Californian Honeymoon: Napa Valley
Napa Valley looks like Tuscany. Zach and I both felt like we were driving through vineyards in Italy. Only with some PGA looking golfers spotted along the roads.
We rented a car in the city and drove a couple of hours north to Napa County. We stopped in the town of Napa, and actually asked ourselves why people make a big deal about coming to Napa. It was kind of a mom and pop town in a weird way. There wasn't a lot to do off of the tourist train rides.
Like we usually do, we sat down and looked up reviews of Napa Valley, and all internet signs pointed us to St. Helena. As we got further and further into the county, we realized why people make a big deal about coming here. It's so stinking beautiful! It's just vineyard upon vineyard. It's quiet, roads lined with plantation looking trees (you know the ones right?? tall, old, sturdy, and hang over the road?)
We stopped for an afternoon cocktail at Goose & Gander just inside the town. We finally found our people here. It was very Austin feeling-a restaurant in an old house. And the old house had three parts-dining room which was decorated kind of like an upscale hunter's lodge, basement which had this cellar/speak-easy bar feel, and the outside which was a garden party with beautiful leather couches and a fountain.
The staff here was beyond incredible. The hostess first off recommended we go to her brothers Thai restaurant when we got back to San Fran. Our waitress randomly had a best friend from Des Monies, so she had been there and gone to the Iowa State Fair! We drank beautiful garden drinks- the best Pimms Cup's that I have had so far.
The hostess went back inside and wrote us out this huge list of things we needed to see and do while in town. AND brought us a little honeymoon desert. You guys! It was cocoa coated plants and edible flowers on top of some beautiful magic fruit squares. Seriously if ever are in St. Helena, you must go there right away.
We also got ice cream around the corner!! it melted almost instantly. Heat wave remember. I'm learning what it looks like to have my chin pointed upward in a photo....
It took us 30 minutes to drive 7 miles to our Air BnB house in the mountains. And mountains they were. The road was narrow and curvy. We could only go about 35 mph max. It was amazing though!! It was like a car commercial. We drove past massive entries to wine empires and old family farms.
Air BnB, guys. It is the way to go. We got to see a personal and intimate side to the valley tucked away so far from anyone else. We stayed in this awesome ex-treehouse, now just cool tin roofed shack. The owners are a couple from San Francisco who bought a farm and built a barn to do their hobbies in. Their hobbies are pottery, woodworking, floral arranging, gardening, and honey harvesting. If you know me, this is A DREAM.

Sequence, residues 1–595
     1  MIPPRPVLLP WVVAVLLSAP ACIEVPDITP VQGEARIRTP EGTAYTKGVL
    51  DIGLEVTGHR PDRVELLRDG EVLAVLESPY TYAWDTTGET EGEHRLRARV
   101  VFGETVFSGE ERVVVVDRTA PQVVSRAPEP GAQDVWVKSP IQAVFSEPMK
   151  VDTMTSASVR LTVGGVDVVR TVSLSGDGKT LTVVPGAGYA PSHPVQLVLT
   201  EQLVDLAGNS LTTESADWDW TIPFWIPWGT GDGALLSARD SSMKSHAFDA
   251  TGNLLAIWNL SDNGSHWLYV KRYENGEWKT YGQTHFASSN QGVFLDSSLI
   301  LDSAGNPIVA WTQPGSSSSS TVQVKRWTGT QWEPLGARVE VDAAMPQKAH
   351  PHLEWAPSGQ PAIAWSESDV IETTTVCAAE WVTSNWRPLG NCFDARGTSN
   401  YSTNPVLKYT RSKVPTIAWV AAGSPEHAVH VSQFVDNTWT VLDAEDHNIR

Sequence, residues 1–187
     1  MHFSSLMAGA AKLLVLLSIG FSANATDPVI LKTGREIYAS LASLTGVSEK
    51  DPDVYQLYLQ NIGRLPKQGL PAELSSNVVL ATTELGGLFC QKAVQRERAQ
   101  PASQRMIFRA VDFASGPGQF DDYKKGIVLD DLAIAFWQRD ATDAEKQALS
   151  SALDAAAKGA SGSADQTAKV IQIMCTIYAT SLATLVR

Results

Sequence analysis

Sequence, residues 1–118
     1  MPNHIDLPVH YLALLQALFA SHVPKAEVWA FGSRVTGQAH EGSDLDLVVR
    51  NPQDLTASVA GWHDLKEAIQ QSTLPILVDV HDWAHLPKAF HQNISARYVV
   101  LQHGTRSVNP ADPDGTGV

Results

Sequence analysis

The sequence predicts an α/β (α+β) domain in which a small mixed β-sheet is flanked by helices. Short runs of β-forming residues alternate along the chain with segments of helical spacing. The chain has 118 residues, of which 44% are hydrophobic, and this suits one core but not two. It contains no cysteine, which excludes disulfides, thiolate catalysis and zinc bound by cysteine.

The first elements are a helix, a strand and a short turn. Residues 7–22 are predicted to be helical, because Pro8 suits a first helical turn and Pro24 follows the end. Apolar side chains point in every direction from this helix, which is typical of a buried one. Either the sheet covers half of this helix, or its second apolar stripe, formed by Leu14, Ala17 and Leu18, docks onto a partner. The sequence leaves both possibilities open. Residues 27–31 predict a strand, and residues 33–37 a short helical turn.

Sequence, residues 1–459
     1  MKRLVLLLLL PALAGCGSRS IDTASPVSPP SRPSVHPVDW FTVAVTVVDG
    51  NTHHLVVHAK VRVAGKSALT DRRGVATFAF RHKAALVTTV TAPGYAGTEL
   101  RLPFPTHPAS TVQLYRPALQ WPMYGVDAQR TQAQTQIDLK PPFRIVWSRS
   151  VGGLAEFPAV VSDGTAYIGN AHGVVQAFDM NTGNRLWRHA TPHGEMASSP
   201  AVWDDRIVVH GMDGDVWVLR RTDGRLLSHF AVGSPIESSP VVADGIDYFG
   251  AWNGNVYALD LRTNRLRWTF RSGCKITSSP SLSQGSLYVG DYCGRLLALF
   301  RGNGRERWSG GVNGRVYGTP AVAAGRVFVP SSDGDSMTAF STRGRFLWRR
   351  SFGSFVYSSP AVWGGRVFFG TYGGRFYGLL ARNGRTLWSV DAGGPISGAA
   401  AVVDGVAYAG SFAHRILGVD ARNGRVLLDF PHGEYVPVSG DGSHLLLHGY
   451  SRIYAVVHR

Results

They were more than hospitable and friendly and gave us free reign to sit by their giant spanish styled pool that over looked the valley.
Zach and I wandered off to find some food for the evening. The hosts directed us to a big gas station/restaurant that made pizzas and had cheese and crackers and great local wine. We were like "well yeah we are going to have wine and cheese and sit by your pool!" Well. Tuesday is the off day in Napa Valley. So with the sought after restaurant closed, we had to settle for the self-proclaimed "Red-Neck Drinking Bar" down the road. We turned down the $15 pizza (they seriously just warm up DiGiorno and sell it for $15). With somewhat bleak faces (see below) we headed back to the pool with weird homemade ham and cheese sandwiches and screw top wine from the cooler.
Zach and I are do-ers. We like to go go go and be active and adventure and explore. When we got back to the house and didn't really have reception, we had the first moments of "uhhhhh, okay what do we do now for the rest of the evening??" I think the wedding week, traveling, and walking 30 miles in SF the days before finally caught up to us in Napa Valley. We spent a few hours just sitting by the pool talking and relaxing and reading Kinfolk.
We were especially fond of this issue because it explains the idea of "the essentials" in various ways. Starting our lives together, we had awesome chats of what that means in our lives. Our essential needs and materials that we carry with us, and even into what we buy for our home and what we need to cook with.
We went to sleep in our tiny tree shack to it raining on the tin roof. SERIOUSLY, I think the drought knew we were on our honeymoon and needed the dreamiest night ever.
The next morning, we bid our adews and drove back through the winding roads through San Francisco and down to Santa Cruz.
Look for that post coming shortly!